The grief process is not glamorous. It’s not popular. Few people want to talk about it let alone do the work that it takes to heal it. Grief is not happy. It’s not fun and it requires your greatest patience. Patience with your self and patience from others.

No wonder it is so repulsive.

The ability to hold both joy and pain equally, is the gift of grief.

Grief asks so much of us and so much from others. It’s messy, chaotic and extremely uncomfortable. It challenges others to witness the ugliness of grief. It disrupts and creates lasting changes that forever shapes how we move forward.

The emotional body experiences explosive, violent and disturbing waves. These waves are uncontrollable and unpredictable. It can feel scary and unsafe. When will another wave hit? How will I get back to shore? Can I get back to solid ground? Touching your emotional body through the grief process is a deep relationship with the Divine Feminine- her untamed, wild body of wisdom, strength and uncertainty.

Grief is far from popular.

Very few people are brave enough to do the work, the tireless work, that it takes in order to use grief as a resource for healing and awakening. Consequently most people don’t grieve fully and the healing does not take place. The gift never arrives. The wisdom is never extracted. Stunting the grief process is damaging on multiple levels and can effect all four bodies- physical, mental, emotional and spiritual.

Grief can be your biggest transformational resource for awakening. So why do most people resist this process?

If used properly, grief can heal and transform your biggest wounds, as well as repair your ancestral karmas. In fact much of the grief, suffering and pain you will face in your life time is directly handed down from your ancestors. This is the result of your ancestors not honoring and healing their own grief. From an epigenetic perspective, this unprocessed grief becomes your familial mythology and shapes your personal mythology as well.

Grief does not go away. Let me repeat that. Grief does not go away.

Grief changes though, and it will change you. Change is inevitable and impossible to avoid. The very nature of the grief process is change, uncontrollable change. These changes must be honored, authentically and consistently. The changes your grief forces you to confront will awaken you, if you let it.

The grief journey is not joyful.

It usually doesn’t look or feel happy. But it can become your greatest teacher.

From a Jyotish perspective, grief is shown by Saturn, the planet of both hard work and enlightenment. This is the story of grief- hard work and enlightenment. From consistent heat, pressure and time, the diamond appears. Saturn supports you with this transformational journey.

Saturn also brings resistance. Karmically speaking, the very thing you most desire is often what you are also resisting the most. Saturn shows us our resistance to healing and expresses the simultaneous desire for liberation. He shows us where the hard work must be done.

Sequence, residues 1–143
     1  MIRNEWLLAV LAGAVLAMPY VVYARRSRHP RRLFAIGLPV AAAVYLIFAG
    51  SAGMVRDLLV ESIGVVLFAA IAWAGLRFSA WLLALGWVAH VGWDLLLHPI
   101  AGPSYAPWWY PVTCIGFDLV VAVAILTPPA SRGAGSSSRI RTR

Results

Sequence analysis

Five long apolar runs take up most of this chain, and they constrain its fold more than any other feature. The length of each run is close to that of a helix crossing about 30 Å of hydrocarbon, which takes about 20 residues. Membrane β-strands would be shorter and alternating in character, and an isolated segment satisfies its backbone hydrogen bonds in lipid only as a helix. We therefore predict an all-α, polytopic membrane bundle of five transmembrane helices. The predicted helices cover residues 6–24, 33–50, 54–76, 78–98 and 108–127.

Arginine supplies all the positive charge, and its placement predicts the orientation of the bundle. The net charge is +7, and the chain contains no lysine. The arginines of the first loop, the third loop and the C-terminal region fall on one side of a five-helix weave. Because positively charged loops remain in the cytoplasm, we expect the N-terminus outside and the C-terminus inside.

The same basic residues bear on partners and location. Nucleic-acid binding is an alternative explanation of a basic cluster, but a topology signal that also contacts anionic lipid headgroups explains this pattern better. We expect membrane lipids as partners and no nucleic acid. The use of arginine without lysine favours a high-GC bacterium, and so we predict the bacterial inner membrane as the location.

Do you know how to work with your resistance as a healing resource?!

In my personal experience with various forms of grief (lifelong grief, acute grief, as well as trauma induced grief) the lack of external support for my grief has been one of the biggest hindrances to my awakening.

I consistently see the lack of support with the grief journey as the biggest obstacle to healing and awakening that my clients have. This is also how the grief process gets suppressed and avoided. Without the necessary holding, reflection, witnessing and mirroring during the grief journey, there is a risk of it becoming stuck, stagnant, or even worse- creating disturbing mutations of the shadow.

Witnessing and holding clients through their grief journey has been powerfully validating for me personally and professionally. Consistent holding and honoring one’s process of awakening can in fact change personal and ancestral wounding, liberate one from systemic family issues and transform and heal simultaneously.

This has also been my personal experience with grief and trauma. It has only been through very consistent, reliable holding that I have had the courage to face my own darkness. The courage I’ve needed to face my own debilitating grief has come through very sacred containers. This includes one on one support and group support. I’ve been fortunate enough to experience containers of support that mirrored to me that I am safe. (But plenty of others that mirrored to me that I was not safe, not contained, that my grief was not welcome or honored).

Safety is the antidote to grief. But safety must be rebuilt and re-established after a loss. Being held in a safe and sacred container can help to re-establish the feeling of safety inside and out.

Grief is in fact an opportunity to look at your biggest shadows, and your darkest darkness.

But the grief journey is not a popular one.

It is shunned and so often misunderstood. There is little to no space for grieving in our relationships and communities, resulting in unprocessed grief more times than not. Far too often the grief journey gets stunted or is incomplete.

The truth is that the grief process does not end, but we must attend to it very intentionally, with deep presence. It goes hand in hand with life and must be honored as an equal partner in the process of living. Grief is your most powerful medicine, a potent tool for your inner awakening.

I’m on a mission to normalize grief, to educate others about its wisdom and power. I continue to be inspired by my grief journey and what I witness in my clients. Grief is a powerful teacher.

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